Florida Opioid Addiction Rehabilitation & Treatment Center
Get Help for Opioid Abuse in Florida at Tranquil Shores
Opioid addiction can be very scary. Whether you have developed an addiction or you are concerned for a loved one, you likely feel confused, overwhelmed and terrified by what you face. Because an addiction can start by taking legally prescribed prescription drugs, it may catch you off guard when you realize what's happening.
If you suffer from opioid addiction, you are likely unsure of who you should talk to about your problem. You might feel embarrassed or afraid of getting in trouble or simply scared to try to kick your addiction. If you're trying to assist a friend or family member with an addiction, you may find yourself confused about how it happened and what you need to do to get them help.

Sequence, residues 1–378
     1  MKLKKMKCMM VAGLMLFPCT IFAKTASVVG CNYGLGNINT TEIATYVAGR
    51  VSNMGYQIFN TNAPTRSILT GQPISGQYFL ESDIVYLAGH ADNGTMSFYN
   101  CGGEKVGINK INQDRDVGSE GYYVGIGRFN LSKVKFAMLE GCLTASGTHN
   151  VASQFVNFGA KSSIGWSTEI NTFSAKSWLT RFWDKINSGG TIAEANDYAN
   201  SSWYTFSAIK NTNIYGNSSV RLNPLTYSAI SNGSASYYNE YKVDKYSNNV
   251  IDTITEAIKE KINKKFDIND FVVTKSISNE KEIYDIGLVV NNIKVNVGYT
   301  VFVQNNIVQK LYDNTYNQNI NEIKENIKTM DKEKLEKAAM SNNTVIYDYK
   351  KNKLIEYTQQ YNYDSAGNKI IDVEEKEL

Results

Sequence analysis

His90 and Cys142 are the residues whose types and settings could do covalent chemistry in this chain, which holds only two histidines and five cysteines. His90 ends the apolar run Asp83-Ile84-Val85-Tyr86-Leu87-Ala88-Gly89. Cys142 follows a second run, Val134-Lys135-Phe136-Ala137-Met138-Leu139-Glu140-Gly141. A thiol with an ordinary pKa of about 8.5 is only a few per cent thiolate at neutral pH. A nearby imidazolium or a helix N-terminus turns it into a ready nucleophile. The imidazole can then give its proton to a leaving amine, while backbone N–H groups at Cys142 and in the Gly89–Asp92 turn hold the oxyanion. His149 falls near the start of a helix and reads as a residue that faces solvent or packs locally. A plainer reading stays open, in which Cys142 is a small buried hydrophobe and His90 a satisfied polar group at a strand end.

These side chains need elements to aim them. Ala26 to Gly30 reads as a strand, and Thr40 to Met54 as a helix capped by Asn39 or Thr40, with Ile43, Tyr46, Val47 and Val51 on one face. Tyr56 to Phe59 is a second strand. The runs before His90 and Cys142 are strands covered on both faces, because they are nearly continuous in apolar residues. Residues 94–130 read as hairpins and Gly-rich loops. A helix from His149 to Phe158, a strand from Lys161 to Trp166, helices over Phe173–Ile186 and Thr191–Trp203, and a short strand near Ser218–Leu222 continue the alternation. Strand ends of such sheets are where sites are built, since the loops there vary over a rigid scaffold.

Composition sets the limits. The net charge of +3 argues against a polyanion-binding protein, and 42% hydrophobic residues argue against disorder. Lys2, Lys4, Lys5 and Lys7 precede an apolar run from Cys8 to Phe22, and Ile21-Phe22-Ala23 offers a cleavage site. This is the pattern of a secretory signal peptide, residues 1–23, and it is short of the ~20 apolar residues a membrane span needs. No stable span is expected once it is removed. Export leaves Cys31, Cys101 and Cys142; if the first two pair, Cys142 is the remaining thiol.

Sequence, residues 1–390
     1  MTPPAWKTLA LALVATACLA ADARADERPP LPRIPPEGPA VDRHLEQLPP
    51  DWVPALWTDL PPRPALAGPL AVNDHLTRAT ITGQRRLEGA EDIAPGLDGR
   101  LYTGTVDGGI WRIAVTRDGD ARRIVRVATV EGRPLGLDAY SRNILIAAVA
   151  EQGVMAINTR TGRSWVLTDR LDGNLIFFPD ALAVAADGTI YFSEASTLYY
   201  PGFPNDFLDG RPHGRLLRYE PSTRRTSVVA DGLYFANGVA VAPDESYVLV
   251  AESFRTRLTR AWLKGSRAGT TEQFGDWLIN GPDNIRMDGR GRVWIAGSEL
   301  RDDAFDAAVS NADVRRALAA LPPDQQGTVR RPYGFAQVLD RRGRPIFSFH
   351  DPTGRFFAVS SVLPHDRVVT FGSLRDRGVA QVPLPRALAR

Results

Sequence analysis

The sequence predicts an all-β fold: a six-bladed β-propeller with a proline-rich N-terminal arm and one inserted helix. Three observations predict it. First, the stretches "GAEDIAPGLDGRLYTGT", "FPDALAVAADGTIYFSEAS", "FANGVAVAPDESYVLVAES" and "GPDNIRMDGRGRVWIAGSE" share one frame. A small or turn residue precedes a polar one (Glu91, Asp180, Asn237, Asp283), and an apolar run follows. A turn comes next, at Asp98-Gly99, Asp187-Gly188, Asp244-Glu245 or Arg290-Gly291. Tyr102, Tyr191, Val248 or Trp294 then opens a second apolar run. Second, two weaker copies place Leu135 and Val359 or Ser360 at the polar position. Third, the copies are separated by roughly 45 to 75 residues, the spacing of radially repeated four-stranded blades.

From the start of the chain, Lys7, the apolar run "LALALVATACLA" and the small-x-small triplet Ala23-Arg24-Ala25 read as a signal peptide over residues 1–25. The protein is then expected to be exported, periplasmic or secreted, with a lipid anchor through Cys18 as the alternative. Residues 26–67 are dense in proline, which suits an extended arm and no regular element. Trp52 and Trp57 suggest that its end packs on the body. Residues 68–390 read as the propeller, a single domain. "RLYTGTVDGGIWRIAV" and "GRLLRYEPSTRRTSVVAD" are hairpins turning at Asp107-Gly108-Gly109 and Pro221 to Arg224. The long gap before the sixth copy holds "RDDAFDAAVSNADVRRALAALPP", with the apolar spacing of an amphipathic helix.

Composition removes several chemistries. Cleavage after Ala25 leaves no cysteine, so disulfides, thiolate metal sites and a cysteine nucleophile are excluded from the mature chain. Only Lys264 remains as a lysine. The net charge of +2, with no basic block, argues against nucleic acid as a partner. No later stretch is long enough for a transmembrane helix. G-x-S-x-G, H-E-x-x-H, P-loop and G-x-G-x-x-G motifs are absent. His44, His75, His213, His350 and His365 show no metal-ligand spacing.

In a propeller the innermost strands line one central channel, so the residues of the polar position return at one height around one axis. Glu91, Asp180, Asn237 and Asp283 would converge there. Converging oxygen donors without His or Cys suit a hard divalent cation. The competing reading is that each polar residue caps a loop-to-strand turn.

The good news is you can find treatment in Florida for opioid dependence. No one has to go through this alone. With the right information and a lot of support, you or your loved one can successfully navigate the recovery process to reclaim their health and their life.
What Are Opioids?
Opioids are a category of drugs that includes legal prescription painkillers like codeine, methadone, morphine and oxycodone. It also includes the illegal drugs heroin and fentanyl, which is a synthetic opiate.